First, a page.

Tuesday, March 10, 2015

Interesting developments

A couple of days ago, a fellow I know vaguely who just about gets by as a professional photographer sold all of his extensive Canon collection and bought an Olympus micro four thirds camera system. When asked about his experience, he was very forthcoming and his real world experience was completely contrary to the widely disseminated wisdom that comes from photo forums.

If one were fool enough to believe everything one reads on a photo forum then one would have to be a super being in order to carry the colossal amount of heavy gear they advocate. A simple 16 megapixel sensor would not be enough either. It would have to be the latest, greatest sensor for what photo forums are all about is the worship of camera gear - not the worship of photographic talent nor skill. Indeed, check any photo forum and the number of posters posting actual photographs is minimal. Those that are verifiably posting their own images are very rare indeed.

It was thus a breath of fresh air to hear a real world experience. In a nutshell, his experience was pretty much what I had thought it would have been albeit with some surprises:
1. The smaller sensor produced images not quite as stunning as those from a larger sensor but pretty darned close. No surprise there.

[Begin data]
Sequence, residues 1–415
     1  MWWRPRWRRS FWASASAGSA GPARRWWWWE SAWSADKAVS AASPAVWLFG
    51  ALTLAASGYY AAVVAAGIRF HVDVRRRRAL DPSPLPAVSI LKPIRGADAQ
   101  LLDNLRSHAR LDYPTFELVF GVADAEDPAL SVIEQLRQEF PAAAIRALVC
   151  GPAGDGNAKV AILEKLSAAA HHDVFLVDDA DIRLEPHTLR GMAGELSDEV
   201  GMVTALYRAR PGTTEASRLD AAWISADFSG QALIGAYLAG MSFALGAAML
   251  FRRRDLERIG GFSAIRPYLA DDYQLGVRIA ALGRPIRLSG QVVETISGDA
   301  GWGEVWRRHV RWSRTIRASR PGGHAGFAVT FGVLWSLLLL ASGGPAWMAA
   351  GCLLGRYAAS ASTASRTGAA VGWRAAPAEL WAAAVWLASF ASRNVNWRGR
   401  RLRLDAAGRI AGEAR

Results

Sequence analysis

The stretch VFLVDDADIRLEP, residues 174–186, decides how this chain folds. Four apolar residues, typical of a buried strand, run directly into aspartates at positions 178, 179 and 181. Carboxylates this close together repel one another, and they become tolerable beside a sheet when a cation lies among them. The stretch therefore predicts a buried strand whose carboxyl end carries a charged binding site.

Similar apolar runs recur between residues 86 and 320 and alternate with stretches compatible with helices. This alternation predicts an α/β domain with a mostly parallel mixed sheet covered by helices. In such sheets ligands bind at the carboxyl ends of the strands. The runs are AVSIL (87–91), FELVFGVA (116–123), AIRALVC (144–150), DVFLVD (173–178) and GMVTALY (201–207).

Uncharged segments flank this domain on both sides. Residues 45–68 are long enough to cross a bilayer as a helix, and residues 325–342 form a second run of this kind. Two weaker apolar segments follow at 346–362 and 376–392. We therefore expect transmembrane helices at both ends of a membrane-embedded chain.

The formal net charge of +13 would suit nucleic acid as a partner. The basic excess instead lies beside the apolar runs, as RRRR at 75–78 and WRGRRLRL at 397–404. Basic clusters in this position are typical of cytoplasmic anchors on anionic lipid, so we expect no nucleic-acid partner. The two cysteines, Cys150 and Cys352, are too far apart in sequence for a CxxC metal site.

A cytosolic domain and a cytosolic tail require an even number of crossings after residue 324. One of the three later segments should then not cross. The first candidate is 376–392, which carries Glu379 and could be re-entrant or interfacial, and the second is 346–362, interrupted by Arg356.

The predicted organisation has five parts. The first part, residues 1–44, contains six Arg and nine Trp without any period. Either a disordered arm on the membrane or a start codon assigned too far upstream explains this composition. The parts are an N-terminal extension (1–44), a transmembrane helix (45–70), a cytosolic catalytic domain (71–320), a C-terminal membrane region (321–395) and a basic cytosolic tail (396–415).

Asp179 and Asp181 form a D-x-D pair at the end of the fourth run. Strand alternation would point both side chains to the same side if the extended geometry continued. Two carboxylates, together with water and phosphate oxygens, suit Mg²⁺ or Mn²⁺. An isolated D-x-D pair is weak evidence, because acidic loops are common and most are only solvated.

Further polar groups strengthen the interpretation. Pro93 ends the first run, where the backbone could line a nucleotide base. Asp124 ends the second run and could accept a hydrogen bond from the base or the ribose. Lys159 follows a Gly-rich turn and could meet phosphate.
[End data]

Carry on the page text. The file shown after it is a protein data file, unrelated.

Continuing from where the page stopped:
2. The smaller sensor had much cleaner high ISOs. That was a surprise and a very welcome surprise.
3. The smaller, lighter equipment were a wonderful asset. No surprise there.
4. The menus on the camera were horrendous to use. No surprise there.

So, basically the micro four thirds is close enough in image quality to standard sensors to be well worth considering. One of the camera retailers didn't think much of micro four thirds as sensor resolution seemed to top out at 16 megapixels but that seemed a blinkered approach to me. If Nokia can get huge numbers of pixels from a tiny sensor then four-thirds topping out at 16 megapixels is hogwash. In any case, 16 megapixels would be enough for a photo 4608x3456 pixels or at 300dpi, 15x11 inches. My preferred measure is 150dpi which would render to 30x22 inches. Even at 300dpi, image resolution is sufficient for just about everybody.

It is pleasing to see people doing what I have been thinking of doing. Those with long memories will recall that I sold 90% of my camera gear a few weeks ago. I retained two bodies and two lenses because I felt I had not used them to their ultimate. Seeing this fellow's experiences makes me seriously consider selling the remains of my Canon kit and following the micro four thirds route. The only thing I'm not keen on is the obtuse sounding menu system.

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